Take courage friends. The way is often hard, the path is never clear, and the stakes are very high. Take courage. For deep down, there is another truth: you are not alone.
Rev. Wayne B. Arnason
I was returning to The Hague from Tunis following a three-day training of Tunisian lawyers (29 September to 1 October), when I read that family members of seven imprisoned Tunisian opposition figures submitted a communication to the International Criminal Court (ICC) to investigate political persecution and human rights violations by President Kais Saied’s administration – not that I expect the ICC’s Office of the Prosecution (OTP) to do anything soon, if it decides to do anything at all. Rare is the occasion where a communication is acted upon, even when meritorious. The OTP can only do so much. And if perhaps it decides to do something, expect a frustratingly long preliminary examination, which, for all intents and purposes, can be nothing more than internet surfing and looking at open-source material. Even if the matter progresses, the journey leading to potential charges takes years. Communications, however, do serve a purpose beyond their intended design – they bring international attention, occasionally contributing to a tempering by those who could find themselves in the OTP’s crosshairs.
I was never known for having a great bedside manner when meeting with clients. I wasn’t going to be their social worker. Some attorneys in my view get too close to their clients. I tried to avoid that. I was not their friend. I was their lawyer. Becoming good friends with one’s client eliminates perspective and may color one’s objectivity. I was not about to invite a client home for dinner while his future was in my hands, even my white-collar clients.
Under cover of dark on 4 April 1978, the Joli, a sleek electric blue 61-foot racing yacht with swollen sails gracing its 90-foot masts is rapidly, perhaps too rapidly, headed towards the nearly exhausted 161-foot freighter, the M/V Helena Star, in the high seas of the North Pacific, some 70 miles off the coast of Washington State and British Columbia. As the skipper of the Joli approached the Helena Star, it becomes obvious that the purpose of the rendezvous – offloading “Colombian Gold” – is too dangerous at that location; calmer waters were needed to compensate for the incompatibility of the two vessels for offloading the precious and very illegal cargo. Nearly two weeks later, the US Coast Guard would board and seize the Helena Star about 140 miles from the coast of Washington State laden with 37 tons of marijuana, valued at the time at around $74 million.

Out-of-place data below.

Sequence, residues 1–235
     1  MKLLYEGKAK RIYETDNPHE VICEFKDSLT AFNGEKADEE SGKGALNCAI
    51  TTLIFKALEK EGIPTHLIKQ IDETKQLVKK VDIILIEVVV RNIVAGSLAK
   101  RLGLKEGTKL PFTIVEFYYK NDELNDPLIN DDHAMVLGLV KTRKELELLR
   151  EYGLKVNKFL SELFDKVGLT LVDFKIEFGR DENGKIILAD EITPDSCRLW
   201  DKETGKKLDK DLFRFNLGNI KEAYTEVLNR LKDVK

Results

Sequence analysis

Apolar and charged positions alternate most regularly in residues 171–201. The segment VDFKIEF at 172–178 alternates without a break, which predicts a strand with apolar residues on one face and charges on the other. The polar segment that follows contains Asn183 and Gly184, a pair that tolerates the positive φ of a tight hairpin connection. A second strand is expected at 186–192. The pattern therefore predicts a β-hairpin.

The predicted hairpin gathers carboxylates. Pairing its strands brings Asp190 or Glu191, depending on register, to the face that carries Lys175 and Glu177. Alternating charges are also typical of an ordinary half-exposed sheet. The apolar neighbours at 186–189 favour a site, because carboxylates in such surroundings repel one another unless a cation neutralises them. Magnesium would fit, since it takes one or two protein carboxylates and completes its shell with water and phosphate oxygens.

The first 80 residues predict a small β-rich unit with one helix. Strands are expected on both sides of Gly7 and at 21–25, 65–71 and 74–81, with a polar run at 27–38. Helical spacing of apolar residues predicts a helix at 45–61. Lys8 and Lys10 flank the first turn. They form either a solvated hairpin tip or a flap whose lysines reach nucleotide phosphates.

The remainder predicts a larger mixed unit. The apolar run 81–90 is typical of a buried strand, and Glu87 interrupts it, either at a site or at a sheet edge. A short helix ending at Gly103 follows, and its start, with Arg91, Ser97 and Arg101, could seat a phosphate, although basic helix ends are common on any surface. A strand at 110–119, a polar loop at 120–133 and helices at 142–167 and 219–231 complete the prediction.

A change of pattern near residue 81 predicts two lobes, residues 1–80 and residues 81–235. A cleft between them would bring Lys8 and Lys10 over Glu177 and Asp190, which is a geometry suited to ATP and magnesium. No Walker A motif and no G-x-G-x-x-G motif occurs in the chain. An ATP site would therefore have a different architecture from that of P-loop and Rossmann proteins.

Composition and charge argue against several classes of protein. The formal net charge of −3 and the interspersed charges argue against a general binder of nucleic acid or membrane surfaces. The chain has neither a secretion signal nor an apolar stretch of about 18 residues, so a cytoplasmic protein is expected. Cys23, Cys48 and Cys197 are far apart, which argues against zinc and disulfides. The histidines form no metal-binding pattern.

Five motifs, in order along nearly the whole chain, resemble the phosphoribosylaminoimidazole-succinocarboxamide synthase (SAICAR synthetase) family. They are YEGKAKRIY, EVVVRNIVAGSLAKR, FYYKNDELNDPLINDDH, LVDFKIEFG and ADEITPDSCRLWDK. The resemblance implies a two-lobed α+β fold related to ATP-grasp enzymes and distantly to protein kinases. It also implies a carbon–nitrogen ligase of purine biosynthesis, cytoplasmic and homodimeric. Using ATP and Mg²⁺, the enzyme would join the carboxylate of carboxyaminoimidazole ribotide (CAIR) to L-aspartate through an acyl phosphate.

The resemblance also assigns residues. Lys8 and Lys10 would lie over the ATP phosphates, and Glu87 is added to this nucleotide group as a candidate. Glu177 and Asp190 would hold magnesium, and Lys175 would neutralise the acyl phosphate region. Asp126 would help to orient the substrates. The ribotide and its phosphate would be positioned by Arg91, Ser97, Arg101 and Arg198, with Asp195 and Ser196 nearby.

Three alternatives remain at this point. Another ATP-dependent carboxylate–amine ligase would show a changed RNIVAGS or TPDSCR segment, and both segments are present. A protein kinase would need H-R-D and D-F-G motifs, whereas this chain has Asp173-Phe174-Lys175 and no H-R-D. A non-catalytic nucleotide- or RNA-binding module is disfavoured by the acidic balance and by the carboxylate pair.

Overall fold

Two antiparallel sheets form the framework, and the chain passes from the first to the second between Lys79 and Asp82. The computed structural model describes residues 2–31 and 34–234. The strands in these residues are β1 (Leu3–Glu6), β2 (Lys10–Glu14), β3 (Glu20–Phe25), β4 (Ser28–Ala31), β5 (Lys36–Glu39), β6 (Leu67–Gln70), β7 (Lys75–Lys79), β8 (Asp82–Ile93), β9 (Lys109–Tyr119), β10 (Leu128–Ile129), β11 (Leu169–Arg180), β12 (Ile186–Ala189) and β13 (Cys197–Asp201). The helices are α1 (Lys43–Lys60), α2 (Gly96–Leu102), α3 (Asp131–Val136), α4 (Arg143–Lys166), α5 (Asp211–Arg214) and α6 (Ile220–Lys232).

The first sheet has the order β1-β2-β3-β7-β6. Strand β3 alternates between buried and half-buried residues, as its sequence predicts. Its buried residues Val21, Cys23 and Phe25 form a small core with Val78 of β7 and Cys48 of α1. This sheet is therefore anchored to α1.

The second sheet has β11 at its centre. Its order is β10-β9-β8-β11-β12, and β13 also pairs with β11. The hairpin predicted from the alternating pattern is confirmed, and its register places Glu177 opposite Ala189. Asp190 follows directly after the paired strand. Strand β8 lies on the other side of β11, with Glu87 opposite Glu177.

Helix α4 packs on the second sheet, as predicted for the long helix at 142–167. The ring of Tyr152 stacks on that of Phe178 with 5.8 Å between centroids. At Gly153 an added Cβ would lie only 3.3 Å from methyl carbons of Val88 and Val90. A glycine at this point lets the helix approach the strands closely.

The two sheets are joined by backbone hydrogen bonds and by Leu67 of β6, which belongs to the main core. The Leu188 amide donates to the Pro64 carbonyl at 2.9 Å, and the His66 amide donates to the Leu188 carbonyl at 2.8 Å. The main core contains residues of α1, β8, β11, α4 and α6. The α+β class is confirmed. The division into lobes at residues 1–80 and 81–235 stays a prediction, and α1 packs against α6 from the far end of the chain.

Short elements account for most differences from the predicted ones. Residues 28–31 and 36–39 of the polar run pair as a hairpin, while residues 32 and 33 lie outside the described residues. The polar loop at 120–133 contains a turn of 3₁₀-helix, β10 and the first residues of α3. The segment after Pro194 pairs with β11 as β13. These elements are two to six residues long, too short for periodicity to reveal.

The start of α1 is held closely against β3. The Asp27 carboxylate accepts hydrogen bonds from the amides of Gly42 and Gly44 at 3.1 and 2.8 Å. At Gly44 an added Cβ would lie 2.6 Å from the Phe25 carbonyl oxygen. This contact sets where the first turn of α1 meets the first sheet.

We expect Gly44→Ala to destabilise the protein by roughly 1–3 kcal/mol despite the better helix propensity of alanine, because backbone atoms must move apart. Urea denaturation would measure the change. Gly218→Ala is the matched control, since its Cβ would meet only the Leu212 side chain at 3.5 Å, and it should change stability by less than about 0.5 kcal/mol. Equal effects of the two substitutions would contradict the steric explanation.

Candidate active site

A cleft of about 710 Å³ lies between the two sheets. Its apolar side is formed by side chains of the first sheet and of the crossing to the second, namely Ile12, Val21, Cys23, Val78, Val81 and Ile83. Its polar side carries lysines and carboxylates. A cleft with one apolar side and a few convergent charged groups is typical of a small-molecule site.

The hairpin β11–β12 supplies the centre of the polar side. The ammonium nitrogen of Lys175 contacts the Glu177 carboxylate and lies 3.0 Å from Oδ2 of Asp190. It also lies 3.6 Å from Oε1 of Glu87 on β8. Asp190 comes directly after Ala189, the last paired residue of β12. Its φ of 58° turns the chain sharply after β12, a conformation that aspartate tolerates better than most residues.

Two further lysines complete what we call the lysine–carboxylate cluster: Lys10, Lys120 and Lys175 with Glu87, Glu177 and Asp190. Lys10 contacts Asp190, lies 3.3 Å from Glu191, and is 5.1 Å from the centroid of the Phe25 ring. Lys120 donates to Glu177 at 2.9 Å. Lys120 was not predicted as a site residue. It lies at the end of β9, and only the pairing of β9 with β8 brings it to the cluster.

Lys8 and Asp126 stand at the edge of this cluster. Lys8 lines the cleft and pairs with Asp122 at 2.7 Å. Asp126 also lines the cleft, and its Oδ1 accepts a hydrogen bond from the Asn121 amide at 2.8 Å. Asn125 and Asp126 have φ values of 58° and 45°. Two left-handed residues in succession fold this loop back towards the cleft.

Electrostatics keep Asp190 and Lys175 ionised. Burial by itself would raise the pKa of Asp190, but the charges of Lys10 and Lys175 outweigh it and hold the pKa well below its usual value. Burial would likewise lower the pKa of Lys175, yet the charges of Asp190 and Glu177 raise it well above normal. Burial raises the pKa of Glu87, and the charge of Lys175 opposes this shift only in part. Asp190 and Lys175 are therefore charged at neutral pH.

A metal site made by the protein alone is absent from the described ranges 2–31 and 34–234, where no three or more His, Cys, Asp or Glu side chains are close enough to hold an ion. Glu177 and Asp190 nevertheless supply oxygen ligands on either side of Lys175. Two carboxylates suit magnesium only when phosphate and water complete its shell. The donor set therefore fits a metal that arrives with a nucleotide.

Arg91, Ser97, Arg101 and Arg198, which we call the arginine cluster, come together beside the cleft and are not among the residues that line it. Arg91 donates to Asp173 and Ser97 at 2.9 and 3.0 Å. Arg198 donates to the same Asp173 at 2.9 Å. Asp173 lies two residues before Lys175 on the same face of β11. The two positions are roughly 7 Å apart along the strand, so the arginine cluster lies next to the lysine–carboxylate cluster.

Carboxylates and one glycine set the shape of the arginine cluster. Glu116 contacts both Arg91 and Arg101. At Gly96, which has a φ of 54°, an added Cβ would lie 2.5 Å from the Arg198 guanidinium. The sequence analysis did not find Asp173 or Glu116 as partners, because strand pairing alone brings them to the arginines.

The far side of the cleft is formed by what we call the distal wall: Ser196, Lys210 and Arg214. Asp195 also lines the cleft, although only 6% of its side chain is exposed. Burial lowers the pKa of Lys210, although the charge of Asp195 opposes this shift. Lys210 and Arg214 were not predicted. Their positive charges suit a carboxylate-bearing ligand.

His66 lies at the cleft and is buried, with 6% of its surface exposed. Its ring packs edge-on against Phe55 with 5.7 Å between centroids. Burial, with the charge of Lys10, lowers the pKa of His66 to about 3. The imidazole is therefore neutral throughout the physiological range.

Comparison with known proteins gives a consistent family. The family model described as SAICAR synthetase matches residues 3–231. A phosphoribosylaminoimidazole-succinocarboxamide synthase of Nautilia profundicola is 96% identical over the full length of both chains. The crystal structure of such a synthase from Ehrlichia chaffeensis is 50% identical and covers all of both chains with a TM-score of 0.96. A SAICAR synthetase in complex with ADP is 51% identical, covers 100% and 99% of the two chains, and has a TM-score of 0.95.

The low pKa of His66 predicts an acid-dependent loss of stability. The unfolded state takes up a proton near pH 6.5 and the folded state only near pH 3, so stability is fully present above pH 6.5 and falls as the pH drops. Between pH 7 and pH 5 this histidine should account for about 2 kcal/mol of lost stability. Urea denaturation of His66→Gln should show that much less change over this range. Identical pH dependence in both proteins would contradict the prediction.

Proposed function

You have to know the why in order to know the when,
But if you don’t know the how
Knowing the why and when won’t help you.
Training Moto, Michael G. Karnavas
Article 7(2) of the ICC Code of Professional Conduct for Counsel (Code) presumes that list counsel possess a high level of knowledge of the applicable law and a high level of skills required for the adopted party-driven, adversarial hybrid procedure, and thus must “participate in training initiatives required to maintain such competence.” This presumption is fanciful. Not all list counsel are sufficiently competent – let alone to a high level – simply because they have managed to get themselves on the list. Counsel cannot “maintain a high level of competence” unless they are already competent to a high level. Query whose responsibility is it to ensure that at least those counsel appearing in proceedings before the ICC have a high level of competence. In no small measure I suggest it is the ICC Registrar, through the Counsel Support Section (CSS), which is responsible for setting the standards for the admission of counsel. Continue reading “A CLARION CALL TO THE ICC COUNSEL SUPPORT SECTION: training for counsel and assistants should be practical and skill-developing”